Good Food and Cover
Black Huckleberry – Gaylussacia baccata
Box Huckleberry – G. brachycera
Dwarf Huckleberry – F. dumosa
Tall Huckleberry (Dangleberry) – G. frondosa
Huckleberries – Branching shrubs with alternate, entire or toothed leaves and small flowers in lateral clusters (racemes). Flowers urn-shaped or bell-shaped and 5-lobed. Fruit is berry-like, fleshy with 10 seeds.
Branching, low shrubs, forming colonies.
Black- Much branched, rigid, upright, to 3 feet tall (usually about 2 feet tall).
Box- Smooth, evergreen, to 15 inches tall, spreading limbs.
Dwarf- Low bushy, to 20 inches tall.
Tall- Shrub to 6 feet tall.
Twigs and Bark
Slender twigs are usually reddish, pinkish or green. Do not have the numerous warty specks on the younger twigs as do blueberries.
Black- Twigs hairy, reddish.
Box- Twigs with sharply angled sides.
Dwarf- Twigs usually hairy, reddish.
Tall- Twigs pinkish with a heavy white cast (bloom).
Alternate, simple and short stalked (petioles).
Black- Elliptic with sharp pointed tip, thin, smooth margins, 1 to 3 inches long, green or yellowish above, yellowish resin dots (glands) beneath and above (use hand lens to see), bright red attractive color in autumn.
Box- Evergreen, round-elliptic, thick leathery, less than 1 inch long, smooth margin or with small teeth, glossy dark green above, turns reddish-green in fall.
Dwarf- Long-elliptic with a bristle tip, smooth margins, leathery texture, 1 to 2 inches long, yellowish resin dots above and beneath, dark green and glossy above.
Tall- Round-elliptic, white downy beneath, 1 to 3 inches long, yellowish resin dots beneath, somewhat bluish green above.
Small (1/4 inch long) bell or urn-shaped in short lateral clusters.
Black- Reddish in color.
Box, Dwarf and Tall- Whitish with pink tinge or pinkish.
Fleshy, edible and contains 10 seeds.
Black- Shiny black (May-June).
Box – Light blue, sweet (May-June).
Dwarf- Shiny black, watery (May-June).
Tall- Blue with whitish cast (bloom) (June-Sept.)
Black- Common throughout.
Box- Greenbrier, Mercer, Monroe , Pocahontas and Summers.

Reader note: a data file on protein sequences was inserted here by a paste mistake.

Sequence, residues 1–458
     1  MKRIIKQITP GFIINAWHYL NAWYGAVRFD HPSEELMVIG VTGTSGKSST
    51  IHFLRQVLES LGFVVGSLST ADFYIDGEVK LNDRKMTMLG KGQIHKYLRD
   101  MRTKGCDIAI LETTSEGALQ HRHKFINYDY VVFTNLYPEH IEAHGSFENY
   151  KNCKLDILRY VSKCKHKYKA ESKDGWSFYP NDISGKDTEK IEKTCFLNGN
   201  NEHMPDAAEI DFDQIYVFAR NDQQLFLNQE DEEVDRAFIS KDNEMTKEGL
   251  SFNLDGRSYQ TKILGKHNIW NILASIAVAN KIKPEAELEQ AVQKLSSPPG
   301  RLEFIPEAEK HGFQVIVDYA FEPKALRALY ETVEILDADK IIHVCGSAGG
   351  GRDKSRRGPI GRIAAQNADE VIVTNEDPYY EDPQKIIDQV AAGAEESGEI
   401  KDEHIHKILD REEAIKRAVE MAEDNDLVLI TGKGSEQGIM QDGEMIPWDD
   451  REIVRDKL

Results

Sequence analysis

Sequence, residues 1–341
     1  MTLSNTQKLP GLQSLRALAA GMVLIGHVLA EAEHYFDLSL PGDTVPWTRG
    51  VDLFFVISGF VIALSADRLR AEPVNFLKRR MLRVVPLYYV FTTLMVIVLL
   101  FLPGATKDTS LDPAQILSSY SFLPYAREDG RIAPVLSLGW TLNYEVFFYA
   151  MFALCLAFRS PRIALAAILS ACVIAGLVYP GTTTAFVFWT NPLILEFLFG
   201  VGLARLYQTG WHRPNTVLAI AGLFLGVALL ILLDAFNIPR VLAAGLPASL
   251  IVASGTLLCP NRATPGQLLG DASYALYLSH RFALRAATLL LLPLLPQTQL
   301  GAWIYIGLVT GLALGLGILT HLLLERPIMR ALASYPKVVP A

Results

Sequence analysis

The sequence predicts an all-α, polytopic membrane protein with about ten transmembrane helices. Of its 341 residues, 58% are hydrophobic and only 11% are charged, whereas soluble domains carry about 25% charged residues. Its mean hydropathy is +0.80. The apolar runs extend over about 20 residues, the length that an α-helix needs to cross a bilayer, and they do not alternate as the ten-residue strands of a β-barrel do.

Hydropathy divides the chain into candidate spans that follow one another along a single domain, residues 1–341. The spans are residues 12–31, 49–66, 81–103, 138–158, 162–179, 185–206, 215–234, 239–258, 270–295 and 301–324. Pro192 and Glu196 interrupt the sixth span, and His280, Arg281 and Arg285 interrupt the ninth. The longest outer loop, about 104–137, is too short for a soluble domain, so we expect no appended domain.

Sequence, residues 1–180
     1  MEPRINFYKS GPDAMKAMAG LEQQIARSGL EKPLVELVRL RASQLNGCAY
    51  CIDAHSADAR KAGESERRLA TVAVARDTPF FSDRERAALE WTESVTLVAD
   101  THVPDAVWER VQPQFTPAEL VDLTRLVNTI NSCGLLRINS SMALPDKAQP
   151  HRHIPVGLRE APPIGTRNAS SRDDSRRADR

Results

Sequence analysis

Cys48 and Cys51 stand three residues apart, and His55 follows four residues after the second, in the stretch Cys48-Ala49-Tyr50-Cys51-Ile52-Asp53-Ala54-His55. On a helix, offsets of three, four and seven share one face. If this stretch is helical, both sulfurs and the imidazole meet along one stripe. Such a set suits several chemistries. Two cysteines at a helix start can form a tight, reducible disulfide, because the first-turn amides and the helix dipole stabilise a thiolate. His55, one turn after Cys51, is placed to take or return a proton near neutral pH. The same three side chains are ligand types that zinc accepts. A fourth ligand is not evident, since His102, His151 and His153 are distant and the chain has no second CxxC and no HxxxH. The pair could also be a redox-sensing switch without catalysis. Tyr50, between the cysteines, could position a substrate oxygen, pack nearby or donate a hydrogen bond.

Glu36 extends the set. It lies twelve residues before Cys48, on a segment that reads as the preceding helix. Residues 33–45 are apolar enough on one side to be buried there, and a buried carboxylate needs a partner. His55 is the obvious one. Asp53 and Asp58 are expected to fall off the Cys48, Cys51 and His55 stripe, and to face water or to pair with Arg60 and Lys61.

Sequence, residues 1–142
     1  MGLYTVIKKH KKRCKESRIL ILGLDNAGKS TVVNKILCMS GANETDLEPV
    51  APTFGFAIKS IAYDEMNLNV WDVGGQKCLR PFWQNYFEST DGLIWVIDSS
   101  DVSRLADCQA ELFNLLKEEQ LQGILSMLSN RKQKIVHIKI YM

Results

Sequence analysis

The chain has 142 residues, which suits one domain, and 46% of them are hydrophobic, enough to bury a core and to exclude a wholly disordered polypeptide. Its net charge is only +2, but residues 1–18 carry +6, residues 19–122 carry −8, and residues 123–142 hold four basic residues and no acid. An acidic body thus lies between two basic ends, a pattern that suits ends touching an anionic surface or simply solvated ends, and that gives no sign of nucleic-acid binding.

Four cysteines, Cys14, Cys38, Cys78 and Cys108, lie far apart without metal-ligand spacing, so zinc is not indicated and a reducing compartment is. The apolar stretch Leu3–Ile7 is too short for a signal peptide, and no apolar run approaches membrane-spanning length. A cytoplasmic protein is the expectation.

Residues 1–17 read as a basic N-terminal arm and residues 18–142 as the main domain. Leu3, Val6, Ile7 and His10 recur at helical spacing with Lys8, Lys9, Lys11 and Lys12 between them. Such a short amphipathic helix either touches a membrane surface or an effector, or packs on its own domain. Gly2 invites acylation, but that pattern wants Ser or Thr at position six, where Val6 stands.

Dwarf- Greenbrier, Hardy, Kanawha and Raleigh.
Tall- Not native to WV but occurring in nearby states and is of considerable value to wildlife and wild food loving humans.
Black- Dry, sandy or rocky acid opening or open woods, especially on open cliff tops.
Box- Moist or dry woods.
Dwarf- Sandy or rocky soil (sometimes in swamps).
Tall- Upland woods.
Huckleberries are very important for cover, fruits and browse. Ruffed grouse, bobwhite quail, turkey, catbird, orchard oriole, scarlet tanager, twohee and gray and fox squirrels are known to readily eat on huckleberry fruits. Deer browse twigs and foliage. The larva of the attractive Huckleberry Spinx, Paonias astylus, is host specific in its feeding on huckleberry/blueberry foliage. Several small butterflies including the early spring flying Brown Elfin and Henry’s Elfin occasionally lay their eggs on huckleberry. Bumblebees and smaller wild bees work the flowers for nectar (and serve as essential pollinating agents).
Because of its wide natural distribution the average homeowner has readiest access to “starts” of black huckleberry, G. baccata. Portions of colonies are transplantable during the dormant season. Though it will grow well in shade it fruits more abundantly if grown exposed to full sun. As with most Ericaceous plants, huckleberries do not r4espond well to “sweet” (high pH) soils so a soil pH test of intended sites would be appropriate. Soils with pH greater than 6.0 can be acidified with addition of sulfur or aluminum sulfate. Moderate fertilization with acid producing fertilizers formulated for azaleas and rhododendron is also beneficial. Like blueberries, huckleberries are shallow-rooted and cultivation does more harm than good; mulching with sawdust, especially pine sawdust, or leaf mulch is both a satisfactory way to stimulate root growth and control weeds.
Light: Light shade to full sunlight (Box –will thrive in shade).
Soil Moisture: Dry sandy soils (Dwarf- will also grow in wet soils).
Soil pH: Acid
Problems: Relatively trouble free from pests.
Compiled by: Robert Deal, nurseryman and professor of biology/botany at Glenville State College, Glenville , West Virginia .
Written by West Virginia Native Plant Society members and jointly published with the WV Wildlife Diversity Program.